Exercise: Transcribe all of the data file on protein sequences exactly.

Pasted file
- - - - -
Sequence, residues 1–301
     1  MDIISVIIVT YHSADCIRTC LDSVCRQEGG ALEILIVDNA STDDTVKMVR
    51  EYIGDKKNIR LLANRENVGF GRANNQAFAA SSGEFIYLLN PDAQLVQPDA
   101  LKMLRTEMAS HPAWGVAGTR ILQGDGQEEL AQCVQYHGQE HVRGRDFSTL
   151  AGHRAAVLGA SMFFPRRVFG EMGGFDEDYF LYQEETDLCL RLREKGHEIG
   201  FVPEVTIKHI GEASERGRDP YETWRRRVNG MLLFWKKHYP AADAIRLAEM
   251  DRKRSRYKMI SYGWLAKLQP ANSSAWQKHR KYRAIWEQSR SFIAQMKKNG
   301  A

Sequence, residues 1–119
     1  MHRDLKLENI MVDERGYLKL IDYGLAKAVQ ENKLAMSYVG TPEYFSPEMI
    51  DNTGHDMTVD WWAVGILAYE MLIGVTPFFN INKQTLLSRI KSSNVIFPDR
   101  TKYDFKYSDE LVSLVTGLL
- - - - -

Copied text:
Sequence, residues 1–301
     1  MDIISVIIVT YHSADCIRTC LDSVCRQEGG ALEILIVDNA STDDTVKMVR
    51  EYIGDKKNIR LLANRENVGF GRANNQAFAA SSGEFIYLLN PDAQLVQPDA
   101  LKMLRTEMAS HPAWGVAGTR ILQGDGQEEL AQCVQYHGQE HVRGRDFSTL
   151  AGHRAAVLGA SMFFPRRVFG EMGGFDEDYF LYQEETDLCL RLREKGHEIG
   201  FVPEVTIKHI GEASERGRDP YETWRRRVNG MLLFWKKHYP AADAIRLAEM
   251  DRKRSRYKMI SYGWLAKLQP ANSSAWQKHR KYRAIWEQSR SFIAQMKKNG
   301  A

Sequence, residues 1–119
     1  MHRDLKLENI MVDERGYLKL IDYGLAKAVQ ENKLAMSYVG TPEYFSPEMI
    51  DNTGHDMTVD WWAVGILAYE MLIGVTPFFN INKQTLLSRI KSSNVIFPDR
   101  TKYDFKYSDE LVSLVTGLL